Why Turkey and the UK’s Relationship Won’t Last
The United Kingdom and Turkey – two countries with apparently nothing in common – are more similar than many might think. Both have immense pride in their not-too-distant imperial pasts. Both possess militaries that are powerful but not quite powerful enough to achieve security by strength of arms alone. Both are located on the periphery of Europe and would oppose the rise of a dominant power on the Continent – whether its capital be Berlin, Paris or Moscow. And both are U.S. allies with varying degrees of tolerance for doing Washington’s bidding. It’s not surprise, then, that the two countries, with their common characteristics and shared interests, are improving their relationship.
Some of these interests are likely to be the subject of conversation during Turkish President Recep Tayyip Erdogan’s three-day visit to the United Kingdom that will wrap up on May 15. The visit will include meetings with British Prime Minister Theresa May and Queen Elizabeth II, not to mention a deluge of photo opportunities and obligatory press statements. But Erdogan made the most revealing statement of his trip just after arriving in Britain. He told reporters that “the strategic partnership between Turkey and the U.K. is a necessity rather than a simple choice.”
Rarely are political leaders so blunt about the sheer practicality of their relationships with other countries. But Turkey and the United Kingdom have a wealth of experience in the indifference of geopolitics. Neither the British Empire nor the Ottoman Empire could have grown powerful had they not mastered the ability to play different groups and states off each other and to integrate large numbers of outsiders into multinational states. Both struggle to manage the divisions that resulted from this history: London is trying to carefully navigate its relationship with Edinburgh, Belfast and, to a lesser extent, Cardiff, while Ankara’s moves abroad are being dominated by its desire to control the Kurdish minority.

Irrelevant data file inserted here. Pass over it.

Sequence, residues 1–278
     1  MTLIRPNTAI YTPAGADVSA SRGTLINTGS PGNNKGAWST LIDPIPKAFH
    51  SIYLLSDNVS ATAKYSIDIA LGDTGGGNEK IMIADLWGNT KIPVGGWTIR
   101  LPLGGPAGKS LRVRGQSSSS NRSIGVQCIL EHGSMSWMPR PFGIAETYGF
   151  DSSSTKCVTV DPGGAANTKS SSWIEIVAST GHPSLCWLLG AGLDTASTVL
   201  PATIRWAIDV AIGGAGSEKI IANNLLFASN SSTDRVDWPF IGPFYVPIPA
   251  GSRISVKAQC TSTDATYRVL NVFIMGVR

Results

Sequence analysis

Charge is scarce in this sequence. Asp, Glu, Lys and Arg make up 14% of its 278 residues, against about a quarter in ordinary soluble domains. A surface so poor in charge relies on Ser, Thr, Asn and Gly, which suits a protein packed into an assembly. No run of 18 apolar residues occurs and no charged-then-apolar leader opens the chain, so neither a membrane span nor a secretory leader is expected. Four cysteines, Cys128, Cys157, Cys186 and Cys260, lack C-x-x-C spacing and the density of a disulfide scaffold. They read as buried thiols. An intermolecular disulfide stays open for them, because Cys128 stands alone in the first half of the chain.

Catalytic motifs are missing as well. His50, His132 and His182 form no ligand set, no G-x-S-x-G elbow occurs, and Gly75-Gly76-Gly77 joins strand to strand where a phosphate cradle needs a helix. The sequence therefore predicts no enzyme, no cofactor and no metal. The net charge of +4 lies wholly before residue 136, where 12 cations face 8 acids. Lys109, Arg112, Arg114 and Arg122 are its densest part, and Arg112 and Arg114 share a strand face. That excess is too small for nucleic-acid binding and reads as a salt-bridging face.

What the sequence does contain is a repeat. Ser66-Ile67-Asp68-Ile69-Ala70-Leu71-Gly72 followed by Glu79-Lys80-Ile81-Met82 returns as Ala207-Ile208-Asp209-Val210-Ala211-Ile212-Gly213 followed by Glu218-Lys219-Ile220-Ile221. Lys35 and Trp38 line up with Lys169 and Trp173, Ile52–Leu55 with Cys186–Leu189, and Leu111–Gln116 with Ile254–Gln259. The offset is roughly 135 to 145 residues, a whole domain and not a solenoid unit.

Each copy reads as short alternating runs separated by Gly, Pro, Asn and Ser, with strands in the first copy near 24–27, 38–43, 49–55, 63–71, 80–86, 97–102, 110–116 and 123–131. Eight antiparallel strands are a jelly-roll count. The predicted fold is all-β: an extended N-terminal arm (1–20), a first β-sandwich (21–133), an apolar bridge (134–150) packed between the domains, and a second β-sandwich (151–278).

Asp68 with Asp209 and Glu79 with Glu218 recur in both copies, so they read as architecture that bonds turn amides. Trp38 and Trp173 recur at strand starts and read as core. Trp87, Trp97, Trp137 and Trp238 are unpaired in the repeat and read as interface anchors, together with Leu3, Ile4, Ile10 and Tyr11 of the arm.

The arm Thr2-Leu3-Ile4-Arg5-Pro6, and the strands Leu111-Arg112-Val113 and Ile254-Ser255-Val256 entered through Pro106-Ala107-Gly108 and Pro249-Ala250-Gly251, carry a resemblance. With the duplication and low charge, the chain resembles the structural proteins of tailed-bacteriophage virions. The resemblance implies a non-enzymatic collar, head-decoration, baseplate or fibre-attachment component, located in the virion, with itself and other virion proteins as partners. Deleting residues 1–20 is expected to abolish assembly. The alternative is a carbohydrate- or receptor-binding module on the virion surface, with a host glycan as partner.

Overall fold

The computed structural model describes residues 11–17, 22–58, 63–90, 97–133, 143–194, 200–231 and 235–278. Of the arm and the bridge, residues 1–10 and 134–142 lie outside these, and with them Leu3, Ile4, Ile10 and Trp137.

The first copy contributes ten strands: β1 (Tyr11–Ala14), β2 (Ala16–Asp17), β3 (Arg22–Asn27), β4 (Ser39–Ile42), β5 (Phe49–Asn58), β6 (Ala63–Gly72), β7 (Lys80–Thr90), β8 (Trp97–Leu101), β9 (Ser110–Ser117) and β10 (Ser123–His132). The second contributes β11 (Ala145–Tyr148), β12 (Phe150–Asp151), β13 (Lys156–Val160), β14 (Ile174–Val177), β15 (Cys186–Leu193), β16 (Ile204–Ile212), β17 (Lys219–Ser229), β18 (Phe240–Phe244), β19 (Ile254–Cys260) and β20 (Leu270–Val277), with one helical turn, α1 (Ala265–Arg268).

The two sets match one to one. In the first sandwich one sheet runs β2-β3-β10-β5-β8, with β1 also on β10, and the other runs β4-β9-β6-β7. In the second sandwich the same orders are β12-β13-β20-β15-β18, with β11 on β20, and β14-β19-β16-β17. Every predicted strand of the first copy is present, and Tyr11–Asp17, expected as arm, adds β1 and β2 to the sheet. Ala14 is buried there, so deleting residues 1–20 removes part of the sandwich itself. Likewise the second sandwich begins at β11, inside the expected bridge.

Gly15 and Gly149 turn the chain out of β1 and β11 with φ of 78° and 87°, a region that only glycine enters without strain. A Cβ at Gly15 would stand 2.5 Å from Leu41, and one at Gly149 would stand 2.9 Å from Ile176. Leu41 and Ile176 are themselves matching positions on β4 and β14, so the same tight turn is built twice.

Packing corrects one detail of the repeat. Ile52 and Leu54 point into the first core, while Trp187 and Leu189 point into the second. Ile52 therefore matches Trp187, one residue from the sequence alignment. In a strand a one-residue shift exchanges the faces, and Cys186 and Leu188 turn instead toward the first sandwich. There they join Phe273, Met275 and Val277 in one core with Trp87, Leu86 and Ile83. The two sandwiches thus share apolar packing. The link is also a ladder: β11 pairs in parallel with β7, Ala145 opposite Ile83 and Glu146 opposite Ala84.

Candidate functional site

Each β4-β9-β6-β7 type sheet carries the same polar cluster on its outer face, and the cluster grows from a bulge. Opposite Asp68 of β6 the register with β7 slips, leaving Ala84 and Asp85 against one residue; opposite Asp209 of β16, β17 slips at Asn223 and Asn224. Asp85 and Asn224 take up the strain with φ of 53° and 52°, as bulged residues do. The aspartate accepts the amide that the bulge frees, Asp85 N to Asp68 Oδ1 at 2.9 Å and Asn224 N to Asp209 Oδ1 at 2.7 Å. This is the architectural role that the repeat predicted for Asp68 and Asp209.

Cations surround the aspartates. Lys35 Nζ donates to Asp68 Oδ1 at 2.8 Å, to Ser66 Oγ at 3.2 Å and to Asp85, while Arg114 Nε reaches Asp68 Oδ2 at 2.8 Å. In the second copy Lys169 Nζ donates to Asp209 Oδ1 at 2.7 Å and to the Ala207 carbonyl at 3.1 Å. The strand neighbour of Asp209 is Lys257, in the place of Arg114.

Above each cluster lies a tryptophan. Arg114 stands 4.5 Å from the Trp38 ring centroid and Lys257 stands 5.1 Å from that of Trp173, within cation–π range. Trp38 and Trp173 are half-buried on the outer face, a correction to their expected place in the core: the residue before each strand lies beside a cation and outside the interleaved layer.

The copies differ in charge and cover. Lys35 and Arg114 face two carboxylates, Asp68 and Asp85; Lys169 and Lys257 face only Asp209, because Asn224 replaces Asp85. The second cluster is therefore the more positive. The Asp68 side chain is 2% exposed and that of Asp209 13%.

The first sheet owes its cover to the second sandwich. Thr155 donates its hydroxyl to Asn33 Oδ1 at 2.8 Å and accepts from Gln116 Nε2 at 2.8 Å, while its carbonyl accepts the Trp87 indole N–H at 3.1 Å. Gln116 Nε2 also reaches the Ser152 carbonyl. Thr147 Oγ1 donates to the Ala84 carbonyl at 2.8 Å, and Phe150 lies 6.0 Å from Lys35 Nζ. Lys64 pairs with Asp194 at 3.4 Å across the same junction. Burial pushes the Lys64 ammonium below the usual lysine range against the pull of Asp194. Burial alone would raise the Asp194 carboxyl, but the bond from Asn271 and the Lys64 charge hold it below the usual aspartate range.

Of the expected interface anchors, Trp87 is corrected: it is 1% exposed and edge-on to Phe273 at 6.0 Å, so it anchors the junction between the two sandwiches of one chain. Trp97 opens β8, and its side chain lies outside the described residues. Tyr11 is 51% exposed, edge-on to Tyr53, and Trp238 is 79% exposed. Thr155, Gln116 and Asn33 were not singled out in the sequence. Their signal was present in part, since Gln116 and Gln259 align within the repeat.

But the two countries are being brought together not by the similarities of their pasts but by their shared perspectives on Europe’s future. As the U.K. prepares to leave the EU, it’s taking full ownership over its foreign policy and looking for new strategic partners, Turkey being an important candidate. Turkey can’t leave the EU because it wasn’t allowed to join in the first place, but it has had a change of heart about the union too. No longer interested in joining, it instead wants to secure its interests in Europe by expanding Turkish power there.
The United Kingdom now has to consider how best to keep Europe weak enough to prevent any Continental threat from reaching its shores, a possibility it hasn’t had to consider in over half a century. A solidly unified Germany is now the economic powerhouse of Europe, and because it is as scared of its own past as its neighbors are, it has yet to translate its economic power into military power. The U.K. wants to keep it that way. France possesses the strongest military force in Europe, but political and economic malaise has prevented it from becoming a dominant power. That suits the U.K. as well. Russia has been pushed back behind a containment line but will only stay there with constant vigilance, hence British military deployments in Estonia and a recently signed U.K.-Poland defense treaty.
Similarly, Turkey finds itself facing old enemies. Instability on its southern border with Syria has brought Iranian and Russian military forces uncomfortably close to Turkey’s border. Arab civil wars have empowered Kurdish groups throughout the region, forcing Turkey to secure its interests through military means, including by invading Syria.